NEW figures, released through a Freedom of Information request, show the number of deaths at East Lancashire’s hospitals was 26 per cent ‘above expected’ for weekend admissions last year, compared to 13 per cent ‘above expected’ for weekdays.
It comes as East Lancashire’s hospitals find themselves in the ‘impossible situation’ of having to recruit more staff while making savings of £85 million.
A long-awaited NHS report, which made wide-ranging criticisms of the the Royal Blackburn and Burnley General last week, said there was an urgent need for extra nursing and medical staff on the wards to ensure patient safety, but gave no indication of how they would be paid for.
The Keogh Report raised specific concerns around out-of-hours staffing levels, and the Lancashire Telegraph has obtained new data showing a spike in the ‘death rate’ for weekend admissions.
The new figures were for the Summary Hospital-level Mortality Indicator [SHMI], while data published last month under a separate measure, the Hospital Standardised Mortality Ratio (HSMR), also suggested an increase in deaths at weekends.
Russ McLean, chairman of the Patient Voices Group, said: “It’s all well and good the inspectors saying there are staff shortages, but I’d like to see where these funds are going to come from to bring in the extra staff.”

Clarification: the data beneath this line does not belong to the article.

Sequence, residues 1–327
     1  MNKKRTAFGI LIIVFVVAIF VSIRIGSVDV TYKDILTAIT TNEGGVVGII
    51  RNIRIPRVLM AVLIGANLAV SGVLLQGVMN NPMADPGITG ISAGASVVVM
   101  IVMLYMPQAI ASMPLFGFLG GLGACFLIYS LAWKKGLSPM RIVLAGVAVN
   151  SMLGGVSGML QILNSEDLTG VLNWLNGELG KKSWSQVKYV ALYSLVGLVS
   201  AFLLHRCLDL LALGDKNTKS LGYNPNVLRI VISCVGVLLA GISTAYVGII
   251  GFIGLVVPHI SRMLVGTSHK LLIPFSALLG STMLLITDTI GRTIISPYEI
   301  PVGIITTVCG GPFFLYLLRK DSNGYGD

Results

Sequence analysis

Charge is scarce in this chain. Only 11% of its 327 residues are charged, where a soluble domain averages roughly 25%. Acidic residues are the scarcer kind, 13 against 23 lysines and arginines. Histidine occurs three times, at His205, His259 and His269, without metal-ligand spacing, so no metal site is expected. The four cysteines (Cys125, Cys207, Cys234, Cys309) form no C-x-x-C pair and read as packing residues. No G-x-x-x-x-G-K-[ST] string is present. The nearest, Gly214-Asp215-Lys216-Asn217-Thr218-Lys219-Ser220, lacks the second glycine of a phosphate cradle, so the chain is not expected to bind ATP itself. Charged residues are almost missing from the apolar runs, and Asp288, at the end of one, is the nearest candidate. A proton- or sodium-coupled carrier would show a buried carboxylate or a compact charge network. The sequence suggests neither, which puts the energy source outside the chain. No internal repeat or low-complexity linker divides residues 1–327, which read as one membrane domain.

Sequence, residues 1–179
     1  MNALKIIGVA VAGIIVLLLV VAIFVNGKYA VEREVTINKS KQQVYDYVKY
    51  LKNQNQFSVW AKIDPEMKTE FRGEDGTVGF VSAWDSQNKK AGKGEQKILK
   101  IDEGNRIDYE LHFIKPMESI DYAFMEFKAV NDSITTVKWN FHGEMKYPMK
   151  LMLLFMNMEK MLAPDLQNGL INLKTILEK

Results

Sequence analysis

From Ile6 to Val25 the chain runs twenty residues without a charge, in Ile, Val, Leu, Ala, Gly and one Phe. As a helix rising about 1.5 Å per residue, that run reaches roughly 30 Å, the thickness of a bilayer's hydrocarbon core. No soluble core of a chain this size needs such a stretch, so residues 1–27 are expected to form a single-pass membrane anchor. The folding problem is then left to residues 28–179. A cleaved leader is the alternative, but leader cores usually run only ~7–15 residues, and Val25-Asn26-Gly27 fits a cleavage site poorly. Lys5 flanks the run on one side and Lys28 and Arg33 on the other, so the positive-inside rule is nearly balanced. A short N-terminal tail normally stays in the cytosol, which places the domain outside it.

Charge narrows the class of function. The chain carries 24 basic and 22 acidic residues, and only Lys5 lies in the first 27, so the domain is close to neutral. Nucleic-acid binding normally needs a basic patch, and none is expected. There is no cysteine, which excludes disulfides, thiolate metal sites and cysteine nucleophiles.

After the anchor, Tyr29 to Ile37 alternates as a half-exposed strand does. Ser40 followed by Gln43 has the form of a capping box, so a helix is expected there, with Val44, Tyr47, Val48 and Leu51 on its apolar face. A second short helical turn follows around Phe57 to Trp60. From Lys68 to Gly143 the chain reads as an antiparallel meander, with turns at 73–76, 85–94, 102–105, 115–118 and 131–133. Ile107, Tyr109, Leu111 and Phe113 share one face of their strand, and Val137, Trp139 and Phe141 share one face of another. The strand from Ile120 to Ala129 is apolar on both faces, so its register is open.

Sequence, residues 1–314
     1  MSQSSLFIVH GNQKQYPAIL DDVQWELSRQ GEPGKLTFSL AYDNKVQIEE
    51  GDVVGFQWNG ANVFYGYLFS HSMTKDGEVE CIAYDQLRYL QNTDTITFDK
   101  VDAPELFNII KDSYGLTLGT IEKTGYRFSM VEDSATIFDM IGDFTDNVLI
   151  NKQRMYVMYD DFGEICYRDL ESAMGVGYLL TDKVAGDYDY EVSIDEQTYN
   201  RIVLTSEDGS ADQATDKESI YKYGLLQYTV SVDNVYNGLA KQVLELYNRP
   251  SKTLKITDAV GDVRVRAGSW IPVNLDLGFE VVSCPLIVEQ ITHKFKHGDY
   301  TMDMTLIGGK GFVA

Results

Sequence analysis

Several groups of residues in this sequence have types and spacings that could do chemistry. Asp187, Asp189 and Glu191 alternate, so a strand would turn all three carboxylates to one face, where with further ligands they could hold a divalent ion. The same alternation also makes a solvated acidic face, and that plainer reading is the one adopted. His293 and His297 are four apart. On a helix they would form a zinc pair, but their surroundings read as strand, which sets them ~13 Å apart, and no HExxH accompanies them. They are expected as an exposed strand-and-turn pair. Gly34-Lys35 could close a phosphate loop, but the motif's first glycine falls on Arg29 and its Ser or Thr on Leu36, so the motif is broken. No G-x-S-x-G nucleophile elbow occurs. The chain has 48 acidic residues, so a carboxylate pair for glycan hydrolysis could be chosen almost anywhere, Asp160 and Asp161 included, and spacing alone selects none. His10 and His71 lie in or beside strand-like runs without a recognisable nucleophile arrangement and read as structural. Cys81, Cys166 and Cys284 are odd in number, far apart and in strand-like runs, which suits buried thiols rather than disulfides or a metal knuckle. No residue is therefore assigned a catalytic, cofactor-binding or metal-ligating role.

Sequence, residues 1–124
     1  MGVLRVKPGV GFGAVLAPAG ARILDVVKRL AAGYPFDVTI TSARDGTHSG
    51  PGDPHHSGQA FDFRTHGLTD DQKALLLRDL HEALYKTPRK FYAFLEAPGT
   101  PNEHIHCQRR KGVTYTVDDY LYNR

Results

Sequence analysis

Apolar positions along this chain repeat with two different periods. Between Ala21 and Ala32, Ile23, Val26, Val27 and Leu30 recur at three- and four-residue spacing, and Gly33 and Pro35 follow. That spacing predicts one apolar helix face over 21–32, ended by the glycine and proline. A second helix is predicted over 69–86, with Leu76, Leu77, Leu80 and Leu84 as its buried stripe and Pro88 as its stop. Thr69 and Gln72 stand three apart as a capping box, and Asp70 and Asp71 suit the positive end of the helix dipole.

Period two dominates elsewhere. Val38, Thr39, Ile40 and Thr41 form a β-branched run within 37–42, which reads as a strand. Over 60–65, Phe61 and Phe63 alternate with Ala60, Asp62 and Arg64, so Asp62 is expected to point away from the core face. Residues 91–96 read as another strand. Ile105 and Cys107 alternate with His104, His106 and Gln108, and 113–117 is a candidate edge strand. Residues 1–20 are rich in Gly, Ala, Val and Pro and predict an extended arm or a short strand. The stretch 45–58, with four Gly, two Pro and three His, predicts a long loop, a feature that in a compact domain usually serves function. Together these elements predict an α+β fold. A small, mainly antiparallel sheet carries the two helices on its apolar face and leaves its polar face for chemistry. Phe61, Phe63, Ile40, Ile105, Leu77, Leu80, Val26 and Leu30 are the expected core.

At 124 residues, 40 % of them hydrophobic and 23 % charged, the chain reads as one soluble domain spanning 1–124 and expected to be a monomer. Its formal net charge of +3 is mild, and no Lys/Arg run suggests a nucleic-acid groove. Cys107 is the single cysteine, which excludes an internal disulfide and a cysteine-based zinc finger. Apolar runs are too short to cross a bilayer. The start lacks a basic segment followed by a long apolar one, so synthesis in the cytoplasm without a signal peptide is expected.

“You have to wonder whether the government are also to blame for the problems in East Lancs, due to a lack of investment. I want a proper explanation as to how these new recruits will be paid for, as the trust now seems to be in an impossible situation.”
Earlier this year board papers for East Lancashire Hospitals NHS Trust revealed how bosses were planning to axe 500 jobs in order to make enforced savings of £85 million.
Rineke Schram, the trust’s medical director, said: “You have to take mortality ratios with a pinch of salt, but I’m not saying we are not looking at whether there’s an issue around weekend care.”
Asked how the the new staff would be funded, including more than 60 nurses, she said: “That’s a very good question, there certainly isn’t any extra money coming in.
“But we need to put the patient experience and quality of staff first and we’ll just have to deal with it.
“It’s about making better use of the resources we have. We had to increase agency staff over the winter and it’s about using that money to recruit permanent staff and finding ways to look after more patients at home.”
When it was suggested that hospitals do not receive enough funding to provide the same level of care outside normal working hours, she said: “I wouldn’t disagree with that. I think the NHS does need to become a 24/7 organisation, but there’s a lot nationally which needs to change to enable that....I’m a doctor not a politician, it’s not my place to comment on the politics of it.”